When he happened to be staying nearby on the weekend scheduled for Cookie’s release, she invited him to join her for the event. 

“My father had served in the Navy, and believed the sea is for man,” she said. “But after seeing Cookie returned to her native habitat, and how hard we had worked to make her healthy again, he finally understood what is so special to me about putting these creatures back where they should be.

“It was a bonding moment for us,” Roe recalled, adding that now her father regularly asks her about what she’s doing at the Aquarium.

According to Dittmar, Animal Rescue has successfully rescued, treated and returned 177 animals to their natural habitats, including harbor, gray, harp and hooded seals; sea turtles (green, loggerhead, and the rare, endangered Kemp’s ridley turtles); rough-toothed dolphins; a harbor porpoise; a manatee, and a pygmy sperm whale named “Inky,” who was nursed back to health over a period of six months after ingesting a lot of plastic. (Workers believe Inky confused the floating plastic with squid.)

Beard was enlisted in the rescue crew 14 years ago, when the Animal Rescue Manager at the time attended Beard’s church and mentioned that he was looking for a volunteer who understood the tracking data used to follow the animals that are rehabbed and released. (The Aquarium posts such data on its website so the public can see where released animals go.)

“He found out I was a retired electrical engineer and snapped me up,” Beard laughed.

Beard, who lives in Pasadena, has had a strong attachment to the sea ever since serving in the Navy. He now spends more than 250 hours a year volunteering at the Aquarium, not only with Animal Rescue, but also setting up exhibits and doing community outreach.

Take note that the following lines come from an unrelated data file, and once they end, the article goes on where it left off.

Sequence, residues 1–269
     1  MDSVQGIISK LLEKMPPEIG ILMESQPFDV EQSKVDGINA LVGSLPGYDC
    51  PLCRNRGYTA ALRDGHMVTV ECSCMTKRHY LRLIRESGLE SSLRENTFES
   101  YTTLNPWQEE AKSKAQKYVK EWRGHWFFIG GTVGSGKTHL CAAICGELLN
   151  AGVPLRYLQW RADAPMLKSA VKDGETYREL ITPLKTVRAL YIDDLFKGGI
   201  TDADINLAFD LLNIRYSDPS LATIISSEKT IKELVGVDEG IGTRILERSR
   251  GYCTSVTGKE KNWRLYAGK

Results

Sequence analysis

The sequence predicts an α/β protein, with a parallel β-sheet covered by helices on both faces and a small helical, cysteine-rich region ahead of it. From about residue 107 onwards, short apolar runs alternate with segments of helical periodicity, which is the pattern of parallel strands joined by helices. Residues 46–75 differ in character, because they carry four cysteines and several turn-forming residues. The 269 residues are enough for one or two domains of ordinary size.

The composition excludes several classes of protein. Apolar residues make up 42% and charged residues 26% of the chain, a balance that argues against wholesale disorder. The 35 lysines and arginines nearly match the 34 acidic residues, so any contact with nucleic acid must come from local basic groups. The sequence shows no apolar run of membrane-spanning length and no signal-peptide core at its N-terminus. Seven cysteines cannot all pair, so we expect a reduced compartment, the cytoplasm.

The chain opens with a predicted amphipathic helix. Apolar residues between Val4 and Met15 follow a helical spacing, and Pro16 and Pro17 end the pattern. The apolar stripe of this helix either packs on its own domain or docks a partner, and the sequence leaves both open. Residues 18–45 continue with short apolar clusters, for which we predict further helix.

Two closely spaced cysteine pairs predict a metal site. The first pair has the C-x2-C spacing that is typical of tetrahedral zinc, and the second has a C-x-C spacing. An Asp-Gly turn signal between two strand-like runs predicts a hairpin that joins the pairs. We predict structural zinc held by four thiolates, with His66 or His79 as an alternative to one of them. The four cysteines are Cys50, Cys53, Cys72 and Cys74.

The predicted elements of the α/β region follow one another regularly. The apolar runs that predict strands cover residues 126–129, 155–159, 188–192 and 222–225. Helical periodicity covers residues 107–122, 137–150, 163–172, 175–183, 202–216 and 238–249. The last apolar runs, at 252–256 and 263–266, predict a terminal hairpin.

“I’m proud to be part of this,” he said. “People from all over the world know about the Aquarium and come to visit.”

First responders

Animal Rescue volunteers spend 100 hours performing general volunteer duties at the Aquarium before receiving more specialized training, said Dittmar. 

While Roe and Beard perform animal husbandry duties, volunteers like Chuck and Ellen Erbe and their son, Tom, are first responders — those who are first on the scene when the Aquarium receives a call about an animal in distress.

 First responders identify the species, take photos, relay signs and symptoms to the Aquarium staff, and secure the scene to keep the animal safe from onlookers.

The Erbes live in coastal Delaware, and since 2009 have responded to well over 200 calls, helped transport 48 seals to the Aquarium, traveled more than 34,000 miles, and donated more than 4,000 volunteer hours.

“We’ve only lost one seal in that time,” said Chuck Erbe, adding that being able to assist in the release of the animals when they’re rehabbed is a “happy day.”

“One of the blessings of this work,” said Ellen Erbe, “is meeting like-minded and like-spirited people who all have the same heart. It’s a privilege to be a part of this.”

If you’d like to help

The National Aquarium has a variety of volunteer opportunities available — from exhibit guides to certified divers to horticulture assistants, to name just a few. For details, call the Volunteer Office at (410) 576-3886 or email

The Aquarium, which opened its doors 35 years ago, on August 8, 1981, is located at 501 E. Pratt St. More than a million visitors a year come to see its living collection of more than 20,000 fish, birds, amphibians, reptiles and marine mammals.

Visiting hours are from 9 a.m. to 5 p.m. Monday through Thursday, 9 a.m. to 8 p.m. Friday and Saturday, and 9 a.m. to 6 p.m. Saturday.

Ticket prices are $39.95 for adults ($36.95 if 60+), and $24.95 for children ages 3 to 11.

Call (410) 576-3800 or visit for more information.

To reach the Stranded Animal Hotline, call (410) 576-3880 or the Natural Resources Police at 1-800-628-9944.